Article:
Last reviewed: 6 Nov 2021
Last updated: 08 Aug 2019



History and exam

Key diagnostic factors

  • presence of risk factors
  • family history of alpha-thalassaemia
  • symptoms of anaemia
  • splenomegaly

Other diagnostic factors

  • childhood or young adulthood
  • symptoms of gallstones
  • growth retardation
  • history of prior iron supplementation
  • jaundice
  • mild dysmorphic facial features
  • extramedullary haematopoiesis

Risk factors

  • ethnicity from a geographic malarial area
  • positive family history

Diagnostic investigations

1st investigations to order

  • haemoglobin (Hb)
  • mean corpuscular volume (MCV)
  • mean corpuscular haemoglobin (MCH)
  • RBC count
  • peripheral smear
  • reticulocyte percentage
  • serum iron
  • serum ferritin

Investigations to consider

  • brilliant cresyl blue staining of red blood cells
  • haemoglobin electrophoresis
  • Hb fractionation by high-performance liquid chromatography (HPLC)
  • gap-PCR
  • multiplex ligation-dependent probe amplification (MLPA)
  • direct sequencing
  • MRI (hepatic or cardiac)
  • superconducting quantum interference devices (SQUID)
  • liver biopsy

Treatment algorithm



Janet L. Kwiatkowski, MD, MSCE


Thalassemia Program

Children’s Hospital of Philadelphia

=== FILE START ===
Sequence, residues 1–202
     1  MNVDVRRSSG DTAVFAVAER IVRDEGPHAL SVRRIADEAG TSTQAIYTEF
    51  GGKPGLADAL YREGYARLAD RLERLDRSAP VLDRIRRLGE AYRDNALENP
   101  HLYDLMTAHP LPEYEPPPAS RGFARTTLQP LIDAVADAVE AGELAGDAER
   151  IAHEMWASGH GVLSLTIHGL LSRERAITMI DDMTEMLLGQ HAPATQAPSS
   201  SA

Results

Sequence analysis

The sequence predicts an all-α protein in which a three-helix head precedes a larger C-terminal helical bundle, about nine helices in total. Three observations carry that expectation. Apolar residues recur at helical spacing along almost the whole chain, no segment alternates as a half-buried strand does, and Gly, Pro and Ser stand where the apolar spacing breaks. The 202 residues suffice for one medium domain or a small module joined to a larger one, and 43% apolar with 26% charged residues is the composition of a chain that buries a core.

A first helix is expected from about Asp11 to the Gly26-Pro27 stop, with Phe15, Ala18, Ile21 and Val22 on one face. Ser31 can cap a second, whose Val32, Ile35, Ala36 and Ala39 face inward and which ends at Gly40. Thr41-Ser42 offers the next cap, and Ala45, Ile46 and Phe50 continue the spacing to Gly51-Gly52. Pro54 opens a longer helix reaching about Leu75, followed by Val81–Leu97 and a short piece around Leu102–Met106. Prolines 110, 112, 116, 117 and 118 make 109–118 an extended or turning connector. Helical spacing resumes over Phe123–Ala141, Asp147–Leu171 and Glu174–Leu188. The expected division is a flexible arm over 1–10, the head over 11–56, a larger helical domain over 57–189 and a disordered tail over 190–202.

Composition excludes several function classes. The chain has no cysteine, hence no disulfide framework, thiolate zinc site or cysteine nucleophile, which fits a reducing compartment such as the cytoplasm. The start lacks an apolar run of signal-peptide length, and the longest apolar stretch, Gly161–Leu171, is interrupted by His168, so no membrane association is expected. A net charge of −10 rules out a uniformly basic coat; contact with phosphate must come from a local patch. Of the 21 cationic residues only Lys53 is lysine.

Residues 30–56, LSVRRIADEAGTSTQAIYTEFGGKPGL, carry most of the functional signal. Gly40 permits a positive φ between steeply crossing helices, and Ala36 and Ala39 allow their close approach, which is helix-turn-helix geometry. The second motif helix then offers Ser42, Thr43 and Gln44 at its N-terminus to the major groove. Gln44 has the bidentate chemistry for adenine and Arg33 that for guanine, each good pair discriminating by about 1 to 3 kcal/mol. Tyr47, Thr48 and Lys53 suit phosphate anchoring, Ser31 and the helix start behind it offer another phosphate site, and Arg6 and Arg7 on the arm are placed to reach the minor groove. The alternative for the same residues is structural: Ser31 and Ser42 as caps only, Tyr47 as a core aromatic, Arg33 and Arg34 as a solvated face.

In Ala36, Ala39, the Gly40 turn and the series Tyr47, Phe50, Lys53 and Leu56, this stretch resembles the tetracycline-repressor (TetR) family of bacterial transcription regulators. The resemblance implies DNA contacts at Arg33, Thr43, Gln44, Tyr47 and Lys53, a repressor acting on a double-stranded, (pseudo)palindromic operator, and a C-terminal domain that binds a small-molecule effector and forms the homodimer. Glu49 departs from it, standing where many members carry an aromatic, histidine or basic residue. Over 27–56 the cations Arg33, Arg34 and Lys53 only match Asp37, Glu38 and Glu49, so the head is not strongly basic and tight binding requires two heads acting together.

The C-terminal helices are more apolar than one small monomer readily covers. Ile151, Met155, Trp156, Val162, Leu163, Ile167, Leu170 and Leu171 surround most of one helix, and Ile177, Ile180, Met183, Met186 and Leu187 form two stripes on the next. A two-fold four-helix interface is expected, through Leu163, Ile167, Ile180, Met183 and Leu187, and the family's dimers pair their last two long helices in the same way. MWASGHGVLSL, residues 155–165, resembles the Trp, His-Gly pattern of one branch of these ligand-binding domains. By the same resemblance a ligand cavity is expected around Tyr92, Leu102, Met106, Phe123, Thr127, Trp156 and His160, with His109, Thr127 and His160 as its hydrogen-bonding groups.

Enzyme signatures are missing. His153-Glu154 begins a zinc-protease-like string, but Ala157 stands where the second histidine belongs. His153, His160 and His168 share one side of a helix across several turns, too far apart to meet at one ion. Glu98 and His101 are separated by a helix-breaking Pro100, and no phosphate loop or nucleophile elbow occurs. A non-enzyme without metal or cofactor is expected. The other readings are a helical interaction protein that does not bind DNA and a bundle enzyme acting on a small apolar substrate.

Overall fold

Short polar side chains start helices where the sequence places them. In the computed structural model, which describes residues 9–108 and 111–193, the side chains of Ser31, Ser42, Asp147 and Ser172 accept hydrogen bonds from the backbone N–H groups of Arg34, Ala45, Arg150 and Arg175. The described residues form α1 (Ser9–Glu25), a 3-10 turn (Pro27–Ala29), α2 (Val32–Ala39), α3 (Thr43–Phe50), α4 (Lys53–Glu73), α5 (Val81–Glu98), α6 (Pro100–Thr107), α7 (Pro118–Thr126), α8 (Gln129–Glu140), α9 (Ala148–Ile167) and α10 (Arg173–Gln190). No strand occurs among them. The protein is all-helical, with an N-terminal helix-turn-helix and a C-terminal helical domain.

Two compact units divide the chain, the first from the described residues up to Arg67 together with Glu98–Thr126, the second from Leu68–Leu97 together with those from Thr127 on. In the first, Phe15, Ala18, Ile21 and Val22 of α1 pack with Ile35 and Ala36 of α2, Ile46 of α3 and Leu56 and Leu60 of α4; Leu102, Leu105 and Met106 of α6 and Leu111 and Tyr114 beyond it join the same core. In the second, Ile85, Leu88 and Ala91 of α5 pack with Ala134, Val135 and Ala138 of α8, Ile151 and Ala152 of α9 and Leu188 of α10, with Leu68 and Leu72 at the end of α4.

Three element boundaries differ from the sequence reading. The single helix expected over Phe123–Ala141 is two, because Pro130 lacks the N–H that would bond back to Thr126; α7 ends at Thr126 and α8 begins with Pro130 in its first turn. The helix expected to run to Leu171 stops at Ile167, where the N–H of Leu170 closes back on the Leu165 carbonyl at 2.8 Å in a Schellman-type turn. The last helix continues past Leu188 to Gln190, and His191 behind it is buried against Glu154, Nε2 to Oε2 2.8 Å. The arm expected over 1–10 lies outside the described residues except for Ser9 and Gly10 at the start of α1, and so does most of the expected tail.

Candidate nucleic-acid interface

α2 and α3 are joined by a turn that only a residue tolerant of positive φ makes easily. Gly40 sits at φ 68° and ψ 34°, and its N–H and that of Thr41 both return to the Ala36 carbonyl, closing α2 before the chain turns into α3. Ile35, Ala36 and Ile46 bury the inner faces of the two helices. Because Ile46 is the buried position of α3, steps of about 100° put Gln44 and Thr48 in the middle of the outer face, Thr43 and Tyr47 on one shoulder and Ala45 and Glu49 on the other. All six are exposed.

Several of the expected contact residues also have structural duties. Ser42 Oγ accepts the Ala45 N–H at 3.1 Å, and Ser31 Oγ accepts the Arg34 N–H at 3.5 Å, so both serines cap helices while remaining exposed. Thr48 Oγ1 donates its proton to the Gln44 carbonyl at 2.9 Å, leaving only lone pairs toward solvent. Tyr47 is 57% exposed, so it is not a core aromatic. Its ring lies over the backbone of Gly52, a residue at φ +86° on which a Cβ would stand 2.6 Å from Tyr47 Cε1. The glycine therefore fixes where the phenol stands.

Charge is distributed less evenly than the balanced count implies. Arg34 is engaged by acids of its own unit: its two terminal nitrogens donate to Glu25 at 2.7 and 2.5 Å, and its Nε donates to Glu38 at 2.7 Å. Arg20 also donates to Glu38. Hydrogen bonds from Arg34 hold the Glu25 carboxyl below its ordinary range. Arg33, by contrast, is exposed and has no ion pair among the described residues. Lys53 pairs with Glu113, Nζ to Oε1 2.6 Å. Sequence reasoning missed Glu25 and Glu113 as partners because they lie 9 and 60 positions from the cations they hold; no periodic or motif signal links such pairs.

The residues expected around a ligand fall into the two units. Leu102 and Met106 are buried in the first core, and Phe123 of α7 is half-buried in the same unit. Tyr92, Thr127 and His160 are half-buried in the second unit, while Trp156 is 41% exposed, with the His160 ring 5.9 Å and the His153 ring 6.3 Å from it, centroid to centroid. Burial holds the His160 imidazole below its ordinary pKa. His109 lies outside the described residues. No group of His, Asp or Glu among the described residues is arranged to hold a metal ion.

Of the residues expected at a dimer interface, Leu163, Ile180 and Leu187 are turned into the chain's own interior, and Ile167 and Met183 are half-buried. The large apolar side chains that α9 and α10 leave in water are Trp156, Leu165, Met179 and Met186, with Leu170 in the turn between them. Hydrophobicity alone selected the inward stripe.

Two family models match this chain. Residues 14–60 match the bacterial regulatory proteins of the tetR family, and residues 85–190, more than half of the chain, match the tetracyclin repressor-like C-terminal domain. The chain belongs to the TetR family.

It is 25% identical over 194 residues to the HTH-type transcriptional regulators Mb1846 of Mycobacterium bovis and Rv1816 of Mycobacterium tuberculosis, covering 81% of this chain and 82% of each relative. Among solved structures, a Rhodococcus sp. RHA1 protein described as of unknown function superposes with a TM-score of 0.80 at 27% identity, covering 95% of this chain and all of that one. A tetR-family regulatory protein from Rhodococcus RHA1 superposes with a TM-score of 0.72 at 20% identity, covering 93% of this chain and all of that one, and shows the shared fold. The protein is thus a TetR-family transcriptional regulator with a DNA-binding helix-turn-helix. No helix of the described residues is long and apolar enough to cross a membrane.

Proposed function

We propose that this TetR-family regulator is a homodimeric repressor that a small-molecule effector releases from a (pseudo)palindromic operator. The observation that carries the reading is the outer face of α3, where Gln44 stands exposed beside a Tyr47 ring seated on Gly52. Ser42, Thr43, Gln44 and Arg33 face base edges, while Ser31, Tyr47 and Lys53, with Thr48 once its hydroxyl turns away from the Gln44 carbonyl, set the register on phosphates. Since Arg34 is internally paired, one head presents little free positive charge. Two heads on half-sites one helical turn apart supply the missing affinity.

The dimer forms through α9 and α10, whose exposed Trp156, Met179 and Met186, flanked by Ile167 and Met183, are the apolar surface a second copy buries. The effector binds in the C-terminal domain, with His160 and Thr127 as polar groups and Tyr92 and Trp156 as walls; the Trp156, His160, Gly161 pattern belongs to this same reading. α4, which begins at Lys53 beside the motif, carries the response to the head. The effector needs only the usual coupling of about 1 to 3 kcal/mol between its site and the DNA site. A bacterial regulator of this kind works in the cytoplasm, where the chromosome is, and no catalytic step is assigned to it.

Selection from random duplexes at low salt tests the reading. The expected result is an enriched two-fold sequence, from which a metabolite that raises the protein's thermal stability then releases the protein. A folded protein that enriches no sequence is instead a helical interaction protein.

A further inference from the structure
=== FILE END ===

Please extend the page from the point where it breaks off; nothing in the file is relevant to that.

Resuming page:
Professor of Pediatrics

Perelman School of Medicine

University of Pennsylvania




JLK has participated in research trials of iron chelation sponsored by Novartis and ApoPharma, and has consulted for Ionis Pharmaceuticals, bluebird bio, Agios, and Celgene.


Dr Janet L. Kwiatkowski would like to gratefully acknowledge Dr Elizabeth A. Price and Dr Stanley L. Schrier, the previous contributors to this topic.


EAP declares that she has no competing interests. SLS has received NIH research funds, has received funds for organizing an educational symposium, and is an author of a number of references cited in this topic.

Peer reviewers

David H. K. Chui, MD, FRCPC

Professor of Medicine

Boston University School of Medicine




DHKC is an author of a number of references cited in this topic. He has received research grants or salary from the US National Institutes of Health greater than 6 figures USD.

Piero Giordano, PhD

Professor of Clinical Biochemical Molecular Genetics

Human and Clinical Genetics Department

Leiden University Medical Center


The Netherlands


PG declares that he has no competing interests.

Cornelis Harteveld, PhD

Clinical Molecular and Biochemical Geneticist

Department of Clinical Genetics

Leiden University Medical Center


The Netherlands


CH declares that he has no competing interests.

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